When I was in high school, we had a guidance counselor who was not very positive. Looking back on it, I’m really not sure why she even went into the field of education since she did not seem to like students very much. Nevertheless, that was her chosen profession. As the school guidance counselor, it was her job to guide us.
Most of us did not have very much vision for our life and future. In fact, most of the people that we knew basically just got a minimum wage job after graduating from high school. College was not something that was on the radar for the majority of my classmates.
I knew that I wanted to go on to school, largely because my parents encouraged it. They placed a high value on education. My father would tell me that a college education would not make me better than anyone else, but it would perhaps open more doors of opportunity for me. It is interesting to me that in the past few years we hear that message nearly everywhere we turn. On radio and television we are given statistics about how much more money a person will make in his or her lifetime if they have a college education. I began hearing that message from my father over fifty years ago!
Anyway, back to my story. I never will forget the day that my friend, Bill Perkins, came back to class. He had just had an interview with our school guidance counselor. I could tell that something was wrong. I asked him what had happened. He told me that his visit with the counselor was for the purpose of discussing what he should do after graduation. I asked, “Well, what did she say?” He dropped his head and said, “She told me that I was not college material and that I should just plan to stay here in town and get a job at the mill.” I could see that he was devastated. His heart was broken; his life was shattered. His world had come to an end.
Later that day, I saw Bill in the parking lot at school and his entire demeanor had changed. He seemed to be very excited and happy. It was such a different attitude than what I had seen earlier in the day that I asked him what had happened. He told me that he had gone and talked to one of the varsity football coaches, Jim Moore. Coach Moore had played college football at Tennessee Tech and he assured Bill that he would be able to get him a football scholarship to that school. Although Bill was not huge in stature, he was an excellent football player and had experienced an outstanding senior year on the football field. Coach Moore told Bill that he thought he WAS college material and that Bill surely would do well there. The change in Bill’s attitude was not so much the fact that he was going to college as it was that he had found someone who believed in him. He found someone who had spoken healing words to him.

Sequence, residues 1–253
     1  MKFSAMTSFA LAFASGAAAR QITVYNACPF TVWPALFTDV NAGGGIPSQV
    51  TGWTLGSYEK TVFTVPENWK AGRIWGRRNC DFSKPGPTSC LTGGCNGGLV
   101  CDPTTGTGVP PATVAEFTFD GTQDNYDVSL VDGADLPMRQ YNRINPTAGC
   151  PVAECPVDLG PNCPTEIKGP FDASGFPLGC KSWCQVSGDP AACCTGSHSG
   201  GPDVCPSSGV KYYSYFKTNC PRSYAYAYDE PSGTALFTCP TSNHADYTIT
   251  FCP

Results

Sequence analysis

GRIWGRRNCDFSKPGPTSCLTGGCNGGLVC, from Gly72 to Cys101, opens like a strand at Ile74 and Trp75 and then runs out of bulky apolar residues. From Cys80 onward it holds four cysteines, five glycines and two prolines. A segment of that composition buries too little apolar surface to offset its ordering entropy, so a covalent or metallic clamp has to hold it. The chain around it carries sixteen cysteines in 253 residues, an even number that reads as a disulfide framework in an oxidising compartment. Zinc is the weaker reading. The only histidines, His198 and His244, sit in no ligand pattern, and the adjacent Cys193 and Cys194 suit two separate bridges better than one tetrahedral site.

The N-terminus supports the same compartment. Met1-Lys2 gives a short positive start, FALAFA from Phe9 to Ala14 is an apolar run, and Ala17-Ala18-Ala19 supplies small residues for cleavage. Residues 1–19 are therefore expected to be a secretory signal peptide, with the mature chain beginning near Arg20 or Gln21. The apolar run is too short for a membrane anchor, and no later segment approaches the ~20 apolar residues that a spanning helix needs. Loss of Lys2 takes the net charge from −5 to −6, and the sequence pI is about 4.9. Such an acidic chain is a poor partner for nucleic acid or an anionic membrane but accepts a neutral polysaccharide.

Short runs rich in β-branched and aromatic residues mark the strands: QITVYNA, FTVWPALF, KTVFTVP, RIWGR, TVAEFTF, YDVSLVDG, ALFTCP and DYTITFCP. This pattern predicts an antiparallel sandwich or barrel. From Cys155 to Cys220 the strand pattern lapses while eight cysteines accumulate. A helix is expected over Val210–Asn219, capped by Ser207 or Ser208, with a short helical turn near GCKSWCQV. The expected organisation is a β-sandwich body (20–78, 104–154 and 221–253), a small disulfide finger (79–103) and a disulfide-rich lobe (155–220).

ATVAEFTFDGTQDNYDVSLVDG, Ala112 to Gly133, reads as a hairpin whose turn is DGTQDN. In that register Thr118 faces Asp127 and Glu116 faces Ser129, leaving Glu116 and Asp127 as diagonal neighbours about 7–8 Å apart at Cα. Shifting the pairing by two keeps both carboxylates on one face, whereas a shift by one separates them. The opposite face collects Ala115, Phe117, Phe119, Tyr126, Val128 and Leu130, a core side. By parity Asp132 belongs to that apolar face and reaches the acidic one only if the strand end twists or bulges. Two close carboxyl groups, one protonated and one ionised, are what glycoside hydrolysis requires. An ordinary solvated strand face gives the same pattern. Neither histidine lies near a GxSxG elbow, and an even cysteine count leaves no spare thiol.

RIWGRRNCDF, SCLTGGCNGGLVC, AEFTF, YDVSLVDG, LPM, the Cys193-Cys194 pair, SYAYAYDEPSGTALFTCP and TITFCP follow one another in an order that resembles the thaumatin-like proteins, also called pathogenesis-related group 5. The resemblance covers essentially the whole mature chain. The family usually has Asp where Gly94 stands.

As I look back on that situation, I now have enough wisdom to realize that what I had seen in Bill earlier that day was a broken heart. A gaping emotional wound had been opened by the guidance counselor. But, later in the day, I saw a heart that had healed because of the words spoken by the football coach. Each teacher had spoken words to Bill, yet the results and outcome of those words were very different.
Bill did go on to attend college at Tennessee Tech, where he played football for four years and got involved in ROTC. When he graduated, he became a Second Lieutenant in the United States Marine Corps. He learned to fly helicopters and other aircraft. He went on to spend the next twenty years in the Marine Reserves until he became a full Colonel and was able to retire. Also, during that time, he worked full-time for Lockheed selling aircraft. His territory was the Middle East.
Bill called me a while back to check up on me. He now lives in Myrtle Beach, South Carolina, where he has recently retired from working for Lockheed. I asked him what his largest order had been while working there and he told me that he had one order for four billion dollars!
Considering the fact that Bill not only went to college, but graduated; that he went on to become an officer in the United States Marine Corps; that he invested forty years with Lockheed as one of their top salesmen; and he had traveled all over the Middle East, I would say that it was incorrect to tell him, “You are not college material!” I would also say that was one of the most inaccurate statements in the last century. Wouldn’t you?
I once heard that it takes nine positive interactions with someone to overcome one negative interaction. Although that may be true, I have also seen that it only took one really good, positive interaction to overcome one bad, negative interaction. I saw that happen first hand years ago. I am so proud of Bill’s accomplishments and still proud to be his friend!
I want to encourage each one of us to be careful that the words we speak to others are emotionally healing words. Our words should produce hope and healing. Life is filled with many difficult circumstances and situations. Yet, if we face those circumstances with a “can-do attitude,” anything is possible. This is not “pie-in-the-sky” thinking. It is reality. I have experienced it. You have experienced it. And, Bill experienced it too. It is our job to help others who have not yet experienced it to have their life healed and encouraged by you and me this week by the encouraging words we speak to each one of them. Let’s go get ‘em!
Tip: Encouraging words promote healing, but cutting words produce broken hearts!
Have a great week! God bless you!
Dr. Robert A. Rohm